My last blog post was on July 29th. That was a long time ago.

A lot has happened since then.

Every blog theorist & pundit would tell you that to hold off that long is killing my audience, page views, clicks, etc. Well, you're reading this now so apparently the gulf isn't THAT big.

To be honest, I didn't want to write. Anything. At all.

I was personally, spiritually, and emotionally exhausted. There was so much to say.

Violence in Gaza.

ISIS in Iraq.

Ferguson, Missouri and an instant replay of the spark that created the civil rights movement.

Add that to some personal challenges to my journey, the realization that I'm getting older and that I'm not as good at what I thought I was good at but may be better at something else (take that grammar teachers!), and what you have is..

...nap inducing...

...ice cream binging...

...overindulgence...

..all this and more.

So I did something I believe in. I shut up. I didn't write. I froze the blog because it was time to say nothing and simply think. We live in what Henri Nouwen prophetically called a "wordy world."

We respond with words. We manipulate our realities - how people think or feel about us - with words. Even in such a visual culture, where even our sermons need a "commercial" every 12 minutes to maintain our rapt attention, we are still a people who traffic in words.

So I stopped the words. To be honest, it was hard to bring the words back. Until today when I sat down and simply decided it was time to talk again. Time to flesh out what I'm seeing and thinking. Time to pass on something that I have gained about my own soul and the pursuit of Christlikeness in the midst of the reality we are in.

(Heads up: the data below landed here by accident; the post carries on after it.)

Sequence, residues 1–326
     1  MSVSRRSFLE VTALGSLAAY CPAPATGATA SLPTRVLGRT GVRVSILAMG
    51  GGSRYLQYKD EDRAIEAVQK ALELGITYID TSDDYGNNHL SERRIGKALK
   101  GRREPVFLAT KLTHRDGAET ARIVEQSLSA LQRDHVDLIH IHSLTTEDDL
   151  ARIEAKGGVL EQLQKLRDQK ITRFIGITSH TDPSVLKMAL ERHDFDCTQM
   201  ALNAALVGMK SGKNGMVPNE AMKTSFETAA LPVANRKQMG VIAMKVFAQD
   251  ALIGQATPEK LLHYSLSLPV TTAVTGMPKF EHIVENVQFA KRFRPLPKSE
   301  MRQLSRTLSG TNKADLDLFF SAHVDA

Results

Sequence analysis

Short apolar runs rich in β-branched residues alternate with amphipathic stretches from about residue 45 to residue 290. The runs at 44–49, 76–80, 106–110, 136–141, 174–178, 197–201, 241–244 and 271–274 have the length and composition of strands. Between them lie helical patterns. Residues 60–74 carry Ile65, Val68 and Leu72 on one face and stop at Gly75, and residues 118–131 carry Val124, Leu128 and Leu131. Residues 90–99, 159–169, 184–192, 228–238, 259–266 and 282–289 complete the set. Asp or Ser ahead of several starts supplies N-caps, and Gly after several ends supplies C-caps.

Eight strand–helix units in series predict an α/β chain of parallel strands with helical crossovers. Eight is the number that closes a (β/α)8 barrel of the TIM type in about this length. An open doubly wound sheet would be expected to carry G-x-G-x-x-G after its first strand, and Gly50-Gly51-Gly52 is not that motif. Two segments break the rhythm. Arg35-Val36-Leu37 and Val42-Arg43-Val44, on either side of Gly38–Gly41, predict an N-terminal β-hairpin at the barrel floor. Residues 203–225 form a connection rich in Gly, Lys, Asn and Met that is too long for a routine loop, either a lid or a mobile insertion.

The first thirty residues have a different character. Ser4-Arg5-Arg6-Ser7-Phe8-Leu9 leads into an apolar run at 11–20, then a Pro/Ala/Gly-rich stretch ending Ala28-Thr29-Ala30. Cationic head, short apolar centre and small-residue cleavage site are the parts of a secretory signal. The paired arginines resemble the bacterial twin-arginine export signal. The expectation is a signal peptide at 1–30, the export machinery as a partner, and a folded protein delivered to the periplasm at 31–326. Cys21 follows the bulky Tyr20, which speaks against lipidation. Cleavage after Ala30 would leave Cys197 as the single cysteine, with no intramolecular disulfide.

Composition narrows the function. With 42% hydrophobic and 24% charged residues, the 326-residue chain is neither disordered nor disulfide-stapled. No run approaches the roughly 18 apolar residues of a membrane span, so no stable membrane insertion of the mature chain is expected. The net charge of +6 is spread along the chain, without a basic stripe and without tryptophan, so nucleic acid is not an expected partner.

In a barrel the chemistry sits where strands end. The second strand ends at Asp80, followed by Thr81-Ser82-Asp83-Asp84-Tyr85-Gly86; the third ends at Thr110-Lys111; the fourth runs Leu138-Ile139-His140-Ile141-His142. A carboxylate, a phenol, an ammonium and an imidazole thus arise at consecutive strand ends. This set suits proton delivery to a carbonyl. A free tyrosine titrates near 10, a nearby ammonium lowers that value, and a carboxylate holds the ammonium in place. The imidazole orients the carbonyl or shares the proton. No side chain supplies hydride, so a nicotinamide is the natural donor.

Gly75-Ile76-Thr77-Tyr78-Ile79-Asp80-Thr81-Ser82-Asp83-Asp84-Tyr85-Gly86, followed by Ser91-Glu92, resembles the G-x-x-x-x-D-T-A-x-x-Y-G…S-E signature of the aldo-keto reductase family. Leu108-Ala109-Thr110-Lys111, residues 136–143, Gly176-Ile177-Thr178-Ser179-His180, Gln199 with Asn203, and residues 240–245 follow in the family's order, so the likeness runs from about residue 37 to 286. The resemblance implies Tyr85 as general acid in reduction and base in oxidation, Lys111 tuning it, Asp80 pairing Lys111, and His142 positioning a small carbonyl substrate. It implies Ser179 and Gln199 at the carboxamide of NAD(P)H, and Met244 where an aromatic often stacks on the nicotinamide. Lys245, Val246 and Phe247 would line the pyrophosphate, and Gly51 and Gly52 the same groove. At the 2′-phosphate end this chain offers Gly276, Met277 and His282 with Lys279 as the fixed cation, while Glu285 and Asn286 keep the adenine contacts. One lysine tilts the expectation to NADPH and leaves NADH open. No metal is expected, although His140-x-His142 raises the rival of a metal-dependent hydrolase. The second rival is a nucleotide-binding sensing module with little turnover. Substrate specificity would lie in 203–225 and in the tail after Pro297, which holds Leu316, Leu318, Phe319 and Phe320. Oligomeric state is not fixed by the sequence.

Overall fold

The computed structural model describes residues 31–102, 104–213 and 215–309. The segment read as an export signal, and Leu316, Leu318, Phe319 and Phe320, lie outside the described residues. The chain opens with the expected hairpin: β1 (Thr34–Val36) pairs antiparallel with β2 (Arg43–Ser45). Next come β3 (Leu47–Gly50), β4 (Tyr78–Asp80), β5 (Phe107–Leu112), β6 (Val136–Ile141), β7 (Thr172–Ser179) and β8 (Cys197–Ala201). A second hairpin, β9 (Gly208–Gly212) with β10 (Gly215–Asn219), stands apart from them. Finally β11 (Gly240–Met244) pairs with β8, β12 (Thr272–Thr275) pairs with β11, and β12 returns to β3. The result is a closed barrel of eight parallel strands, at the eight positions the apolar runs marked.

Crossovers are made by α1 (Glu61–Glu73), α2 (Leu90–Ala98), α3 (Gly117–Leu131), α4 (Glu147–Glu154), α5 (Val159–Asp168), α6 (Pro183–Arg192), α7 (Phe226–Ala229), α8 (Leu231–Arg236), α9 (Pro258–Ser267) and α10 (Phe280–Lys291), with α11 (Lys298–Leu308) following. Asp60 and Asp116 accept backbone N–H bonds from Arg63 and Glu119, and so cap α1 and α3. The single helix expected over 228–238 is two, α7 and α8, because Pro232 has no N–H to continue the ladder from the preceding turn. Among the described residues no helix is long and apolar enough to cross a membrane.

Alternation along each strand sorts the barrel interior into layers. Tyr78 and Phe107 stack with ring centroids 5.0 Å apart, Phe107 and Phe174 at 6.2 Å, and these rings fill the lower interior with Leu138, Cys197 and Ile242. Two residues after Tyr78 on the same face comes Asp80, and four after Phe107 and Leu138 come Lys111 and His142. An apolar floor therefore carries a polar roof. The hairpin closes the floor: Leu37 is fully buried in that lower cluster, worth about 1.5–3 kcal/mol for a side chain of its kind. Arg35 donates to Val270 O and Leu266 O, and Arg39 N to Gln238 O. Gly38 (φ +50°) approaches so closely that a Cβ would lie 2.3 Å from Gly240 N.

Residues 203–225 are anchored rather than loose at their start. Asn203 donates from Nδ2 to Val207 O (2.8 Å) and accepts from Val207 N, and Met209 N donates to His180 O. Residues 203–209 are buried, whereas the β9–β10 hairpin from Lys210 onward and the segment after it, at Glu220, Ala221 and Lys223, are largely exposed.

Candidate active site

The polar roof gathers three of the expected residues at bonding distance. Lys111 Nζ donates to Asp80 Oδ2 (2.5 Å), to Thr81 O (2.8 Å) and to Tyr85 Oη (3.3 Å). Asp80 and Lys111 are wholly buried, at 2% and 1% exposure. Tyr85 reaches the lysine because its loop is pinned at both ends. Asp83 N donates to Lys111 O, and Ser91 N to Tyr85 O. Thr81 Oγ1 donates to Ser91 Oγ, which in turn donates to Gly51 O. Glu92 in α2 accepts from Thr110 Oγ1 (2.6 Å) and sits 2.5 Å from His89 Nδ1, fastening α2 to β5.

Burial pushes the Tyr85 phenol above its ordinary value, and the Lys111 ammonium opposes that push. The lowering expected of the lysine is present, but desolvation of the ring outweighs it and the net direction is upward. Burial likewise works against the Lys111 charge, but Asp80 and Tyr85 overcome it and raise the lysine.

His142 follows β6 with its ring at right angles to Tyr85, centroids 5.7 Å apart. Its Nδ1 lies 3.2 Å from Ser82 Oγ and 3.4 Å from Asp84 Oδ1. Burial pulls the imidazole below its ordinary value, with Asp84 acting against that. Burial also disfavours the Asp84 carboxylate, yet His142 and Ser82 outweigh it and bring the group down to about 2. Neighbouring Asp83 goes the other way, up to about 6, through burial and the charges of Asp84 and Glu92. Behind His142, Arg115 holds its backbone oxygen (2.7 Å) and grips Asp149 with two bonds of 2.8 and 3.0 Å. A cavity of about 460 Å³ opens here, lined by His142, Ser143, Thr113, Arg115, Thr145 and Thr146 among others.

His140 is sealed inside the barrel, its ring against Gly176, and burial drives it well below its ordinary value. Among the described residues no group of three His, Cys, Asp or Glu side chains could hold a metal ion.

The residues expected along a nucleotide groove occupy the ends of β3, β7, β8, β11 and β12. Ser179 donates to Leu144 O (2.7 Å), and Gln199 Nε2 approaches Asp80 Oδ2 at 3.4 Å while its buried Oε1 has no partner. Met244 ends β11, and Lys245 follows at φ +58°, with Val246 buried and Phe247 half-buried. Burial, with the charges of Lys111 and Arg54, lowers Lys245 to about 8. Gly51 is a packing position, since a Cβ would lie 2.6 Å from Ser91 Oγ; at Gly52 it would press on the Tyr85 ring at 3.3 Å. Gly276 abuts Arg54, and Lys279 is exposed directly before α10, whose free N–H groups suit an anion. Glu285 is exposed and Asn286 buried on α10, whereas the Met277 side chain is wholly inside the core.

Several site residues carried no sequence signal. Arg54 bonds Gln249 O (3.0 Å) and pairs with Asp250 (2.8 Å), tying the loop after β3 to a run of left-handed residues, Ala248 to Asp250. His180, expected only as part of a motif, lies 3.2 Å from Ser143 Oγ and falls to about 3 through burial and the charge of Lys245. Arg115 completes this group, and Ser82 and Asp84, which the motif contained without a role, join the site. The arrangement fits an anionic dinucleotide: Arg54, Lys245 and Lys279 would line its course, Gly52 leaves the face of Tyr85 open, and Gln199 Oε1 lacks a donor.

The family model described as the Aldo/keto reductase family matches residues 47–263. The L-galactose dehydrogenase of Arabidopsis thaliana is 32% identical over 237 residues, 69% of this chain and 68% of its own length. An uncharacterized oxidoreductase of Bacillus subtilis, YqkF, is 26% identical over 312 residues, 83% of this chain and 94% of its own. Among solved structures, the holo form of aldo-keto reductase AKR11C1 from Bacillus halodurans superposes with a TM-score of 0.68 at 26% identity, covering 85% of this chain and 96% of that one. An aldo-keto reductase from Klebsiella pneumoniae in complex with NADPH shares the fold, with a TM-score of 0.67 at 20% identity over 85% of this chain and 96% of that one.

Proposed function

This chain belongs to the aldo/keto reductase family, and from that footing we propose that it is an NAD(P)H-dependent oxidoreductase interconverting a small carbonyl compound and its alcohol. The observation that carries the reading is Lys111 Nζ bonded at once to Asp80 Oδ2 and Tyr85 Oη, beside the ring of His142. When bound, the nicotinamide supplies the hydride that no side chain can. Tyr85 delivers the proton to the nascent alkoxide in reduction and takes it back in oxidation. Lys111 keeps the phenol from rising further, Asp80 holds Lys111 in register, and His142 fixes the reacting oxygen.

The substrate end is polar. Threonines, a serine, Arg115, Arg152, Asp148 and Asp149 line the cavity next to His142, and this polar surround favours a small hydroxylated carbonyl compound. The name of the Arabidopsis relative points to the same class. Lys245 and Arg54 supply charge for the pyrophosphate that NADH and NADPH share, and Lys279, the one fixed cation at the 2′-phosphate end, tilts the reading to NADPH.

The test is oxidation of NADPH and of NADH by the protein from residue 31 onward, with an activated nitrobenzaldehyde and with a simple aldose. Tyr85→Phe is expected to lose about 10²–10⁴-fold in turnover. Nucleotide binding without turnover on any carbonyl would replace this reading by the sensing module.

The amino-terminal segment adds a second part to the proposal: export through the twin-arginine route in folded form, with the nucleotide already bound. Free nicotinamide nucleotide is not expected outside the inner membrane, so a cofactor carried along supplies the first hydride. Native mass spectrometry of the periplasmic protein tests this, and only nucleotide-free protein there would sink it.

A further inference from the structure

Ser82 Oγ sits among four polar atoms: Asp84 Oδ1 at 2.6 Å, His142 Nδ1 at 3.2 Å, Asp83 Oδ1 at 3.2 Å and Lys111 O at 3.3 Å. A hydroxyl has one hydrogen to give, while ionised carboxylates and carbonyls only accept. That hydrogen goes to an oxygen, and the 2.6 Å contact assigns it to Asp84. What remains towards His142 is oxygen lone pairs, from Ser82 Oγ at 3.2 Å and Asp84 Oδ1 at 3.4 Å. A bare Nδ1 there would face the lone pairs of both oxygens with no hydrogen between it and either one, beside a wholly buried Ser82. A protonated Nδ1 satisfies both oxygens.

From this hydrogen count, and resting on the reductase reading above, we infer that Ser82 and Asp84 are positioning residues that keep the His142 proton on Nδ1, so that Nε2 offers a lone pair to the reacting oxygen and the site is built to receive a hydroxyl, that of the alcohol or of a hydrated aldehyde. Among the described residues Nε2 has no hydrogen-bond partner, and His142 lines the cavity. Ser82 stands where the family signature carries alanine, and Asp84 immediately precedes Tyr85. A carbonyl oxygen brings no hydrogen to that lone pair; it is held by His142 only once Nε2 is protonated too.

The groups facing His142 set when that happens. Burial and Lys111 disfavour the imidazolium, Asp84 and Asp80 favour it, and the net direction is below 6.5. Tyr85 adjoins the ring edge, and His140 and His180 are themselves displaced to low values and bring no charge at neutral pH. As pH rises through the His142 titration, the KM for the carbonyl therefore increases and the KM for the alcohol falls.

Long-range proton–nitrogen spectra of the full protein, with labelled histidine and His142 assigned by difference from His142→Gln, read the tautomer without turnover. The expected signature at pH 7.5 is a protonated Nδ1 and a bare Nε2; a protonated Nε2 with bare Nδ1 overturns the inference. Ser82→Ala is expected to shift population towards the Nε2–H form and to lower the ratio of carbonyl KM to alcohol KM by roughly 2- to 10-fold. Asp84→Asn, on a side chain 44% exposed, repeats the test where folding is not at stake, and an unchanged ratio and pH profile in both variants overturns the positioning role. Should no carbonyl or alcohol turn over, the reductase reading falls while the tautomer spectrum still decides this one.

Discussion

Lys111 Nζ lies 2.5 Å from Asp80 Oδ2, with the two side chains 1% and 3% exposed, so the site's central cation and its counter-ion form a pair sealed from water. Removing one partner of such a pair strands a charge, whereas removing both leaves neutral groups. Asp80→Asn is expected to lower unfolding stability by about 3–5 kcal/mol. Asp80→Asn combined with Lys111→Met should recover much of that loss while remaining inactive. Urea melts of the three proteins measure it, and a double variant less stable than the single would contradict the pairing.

Please forgive me, this is all I can manage today.

My heart breaks because of the pain I see in Iraq - and because even in that situation people want to respond in polarities. We want to respond by blaming other political parties or religions or even question journalism regarding what's actually happening. People fled their homes to go to a mountain, with no access to food or water, so I'm assuming that means things are not good. Martyrdom, persecution - real persecution - sobers us and gives followers of Jesus in the West something to meditate on and pray through.

My heart breaks because some Christians feel compelled to respond to every situation with determinations that are above their pay grade and in turn avoid the commandments that are in their best interests. Please, whatever you think of Robin Williams' suicide this is not a time for eschatology or post-mortem spiritual determinations. You can have an opinion on it, but the thing we are commanded to do is to "love one another" and "bear one another's burdens" - that is within our power. Making reservations for others beyond the grave is not on our job description.

Ignorance of or the inability to empathize with those suffering from mental illness should be acknowledged and embraced before we say another word about Heaven, Hell, or suicide.

My heart breaks for those of a different race. I don't know what it means to walk in your shoes, and I won't lie and say I can sympathize or empathize or understand. I also won't lie and say racism isn't as bad as it seems. It is WORSE than I could ever know, and it is a spiritual sickness of the first degree - a spiritual sickness that Christ died for and proclaimed the death of every time He went to those on the margins.

There is no process of spiritual formation in our current reality that excludes dealing with our thoughts & motivations towards the "other."

So these are the words for now, and I pray they challenge you as they have me. Honestly, I pray they challenge us all to have less words and more reflection.

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